Augmented Reality and Plastic Surgery
Augmented reality (AR) is defined by Wikipedia as “An interactive experience of a real-world environment where the objects that reside in the real world are enhanced by computer-generated perceptual information” Common examples of the are the filters applied through most photo apps to improve the skin tones and texture or alter one’s facial features.
Last month, the company behind Instagram’s AR face filters, Spark AR, announced that it would be removing all Instagram filters associated with plastic surgery. They also announced that they would postpone the approval of new effects associated with plastic surgery. You can read more about this in our previous blog here.
This recent news has led to a “black market” of banned Instagram filters. Foxall Studio’s in London allegedly now use a secret link to spread their face changing filters to those opposed to the ban. One of the alleged banned filters was for rhinoplasty surgery, highlighting the post-surgery swelling and bruising associated with nose jobs.
“We liked that this rhinoplasty filter would allow users to process the procedure of cosmetic enhancement and start to form an opinion on it,” said Foxall.
Foxall believes AR provides an important tool for people to visualise something that they would otherwise only be able to imagine – and therein lies the problem. Every patient electing to undergo surgery unique. Their results will vary according to their age, genetic makeup, skin laxity, scars and a multitude of other factors that the apps simply cannot consider when performing the simulations. An Instagram filter is not an indication of realistic results and does not manage a patient’s expectations effectively.
Furthermore, a Specialist Plastic Surgeon will be able to advise a patient if they are a good candidate for rhinoplasty in a one on one consultation and be able to offer their professional opinion on the results that can be realistically and safely achieved.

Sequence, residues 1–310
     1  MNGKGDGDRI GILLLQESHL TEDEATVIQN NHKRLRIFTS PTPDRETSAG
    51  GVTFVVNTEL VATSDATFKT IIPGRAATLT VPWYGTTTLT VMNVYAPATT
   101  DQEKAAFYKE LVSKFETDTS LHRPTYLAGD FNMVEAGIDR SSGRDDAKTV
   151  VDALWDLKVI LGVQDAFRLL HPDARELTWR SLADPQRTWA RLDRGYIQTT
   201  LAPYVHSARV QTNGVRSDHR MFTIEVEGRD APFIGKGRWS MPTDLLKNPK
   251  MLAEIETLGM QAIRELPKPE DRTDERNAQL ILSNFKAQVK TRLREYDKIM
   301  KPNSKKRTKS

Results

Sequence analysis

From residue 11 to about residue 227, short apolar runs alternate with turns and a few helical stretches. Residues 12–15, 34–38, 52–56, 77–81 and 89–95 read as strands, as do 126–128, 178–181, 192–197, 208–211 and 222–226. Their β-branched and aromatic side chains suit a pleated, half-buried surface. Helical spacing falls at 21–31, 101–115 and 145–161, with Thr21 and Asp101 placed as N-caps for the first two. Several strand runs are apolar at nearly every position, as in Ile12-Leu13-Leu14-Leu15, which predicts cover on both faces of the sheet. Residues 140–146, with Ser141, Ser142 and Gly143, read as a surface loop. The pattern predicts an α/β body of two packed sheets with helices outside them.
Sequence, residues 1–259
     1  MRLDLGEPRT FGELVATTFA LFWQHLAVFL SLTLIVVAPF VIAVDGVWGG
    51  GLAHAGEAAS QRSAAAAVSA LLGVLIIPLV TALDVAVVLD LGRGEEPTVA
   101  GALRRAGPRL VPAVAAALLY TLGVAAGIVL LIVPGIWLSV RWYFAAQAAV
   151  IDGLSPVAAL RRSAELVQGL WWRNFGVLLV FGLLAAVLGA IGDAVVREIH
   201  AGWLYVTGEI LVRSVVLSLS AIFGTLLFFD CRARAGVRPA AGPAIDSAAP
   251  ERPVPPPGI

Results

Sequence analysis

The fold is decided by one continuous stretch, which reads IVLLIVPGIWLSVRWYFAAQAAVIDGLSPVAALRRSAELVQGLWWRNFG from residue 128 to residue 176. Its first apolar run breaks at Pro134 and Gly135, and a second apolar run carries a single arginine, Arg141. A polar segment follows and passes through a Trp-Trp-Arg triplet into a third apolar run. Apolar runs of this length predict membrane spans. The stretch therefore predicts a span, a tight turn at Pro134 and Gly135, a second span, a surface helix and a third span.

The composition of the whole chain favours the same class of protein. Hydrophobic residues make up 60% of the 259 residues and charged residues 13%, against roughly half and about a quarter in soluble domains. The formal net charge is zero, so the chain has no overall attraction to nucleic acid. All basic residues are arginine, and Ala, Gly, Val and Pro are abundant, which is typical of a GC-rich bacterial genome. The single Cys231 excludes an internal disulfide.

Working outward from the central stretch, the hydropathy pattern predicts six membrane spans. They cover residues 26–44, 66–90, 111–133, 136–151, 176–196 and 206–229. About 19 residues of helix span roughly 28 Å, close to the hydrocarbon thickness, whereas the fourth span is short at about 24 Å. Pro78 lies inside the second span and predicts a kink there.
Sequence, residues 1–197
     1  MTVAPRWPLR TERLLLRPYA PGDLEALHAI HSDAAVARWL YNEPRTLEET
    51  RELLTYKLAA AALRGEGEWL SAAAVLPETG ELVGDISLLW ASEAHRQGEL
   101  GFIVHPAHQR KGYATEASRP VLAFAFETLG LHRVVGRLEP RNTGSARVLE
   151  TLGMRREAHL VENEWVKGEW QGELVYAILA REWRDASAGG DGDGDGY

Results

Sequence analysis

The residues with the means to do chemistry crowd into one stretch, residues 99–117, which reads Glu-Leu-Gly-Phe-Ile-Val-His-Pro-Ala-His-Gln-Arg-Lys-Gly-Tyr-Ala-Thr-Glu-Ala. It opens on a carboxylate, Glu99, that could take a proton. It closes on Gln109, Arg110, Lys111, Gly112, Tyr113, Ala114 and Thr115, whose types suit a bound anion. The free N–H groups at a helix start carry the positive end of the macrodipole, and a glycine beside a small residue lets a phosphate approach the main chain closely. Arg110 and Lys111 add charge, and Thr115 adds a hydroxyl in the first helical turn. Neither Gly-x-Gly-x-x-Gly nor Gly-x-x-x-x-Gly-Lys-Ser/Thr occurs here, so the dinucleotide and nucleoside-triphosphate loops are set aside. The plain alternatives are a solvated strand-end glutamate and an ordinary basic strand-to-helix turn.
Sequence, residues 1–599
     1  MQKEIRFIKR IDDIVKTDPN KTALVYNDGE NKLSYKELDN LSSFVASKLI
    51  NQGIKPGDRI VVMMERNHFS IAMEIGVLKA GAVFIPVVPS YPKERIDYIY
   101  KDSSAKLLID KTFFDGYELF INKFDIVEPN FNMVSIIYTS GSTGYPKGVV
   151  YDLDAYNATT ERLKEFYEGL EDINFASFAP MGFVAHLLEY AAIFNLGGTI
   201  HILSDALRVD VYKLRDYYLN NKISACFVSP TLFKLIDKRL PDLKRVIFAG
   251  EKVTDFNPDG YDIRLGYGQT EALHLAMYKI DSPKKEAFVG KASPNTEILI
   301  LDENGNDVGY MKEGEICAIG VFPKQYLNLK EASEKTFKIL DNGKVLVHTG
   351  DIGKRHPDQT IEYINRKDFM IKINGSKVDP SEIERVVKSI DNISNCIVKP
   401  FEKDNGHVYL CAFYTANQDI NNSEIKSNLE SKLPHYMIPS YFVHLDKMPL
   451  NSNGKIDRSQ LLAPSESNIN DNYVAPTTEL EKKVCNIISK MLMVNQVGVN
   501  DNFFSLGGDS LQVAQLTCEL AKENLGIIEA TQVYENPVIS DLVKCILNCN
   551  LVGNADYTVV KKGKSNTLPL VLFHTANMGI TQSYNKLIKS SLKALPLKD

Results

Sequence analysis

The next question is: Do Instagram users, desperate to seek some form of guidance for their anticipated surgery, from their friends or followers, really care enough about the accuracy of the filters to start using the banned ones? This will further impact on the already debilitating effects of social media usage on some individual’s self-esteem. It may also convince some to engage in potentially expensive and sometimes risky surgery to alter themselves unnecessarily.
This is already happening around the world. Some social media influencers excessively enhance features such as their eyes, lips and bottoms. This has resulted in a generation of young people seeking procedures to make their own features unnaturally large, sometime with devastating long-term consequences.
Patients have been permanently scarred, blinded and disfigured by inappropriate or excessive use of dermal fillers and others have even died from seeking buttock enhancement from so called “Brazilian Butt lifts” (BBLs). Studies show that Body dysmorphia (BDD: Body dysmorphic Disorder) is over-represented in this group of individuals who may not realise that the features they are seeking to enhance are already unnaturally and sometimes dangerously augmented. Yet they are often seeking “The Look” displayed by their Instagram idols.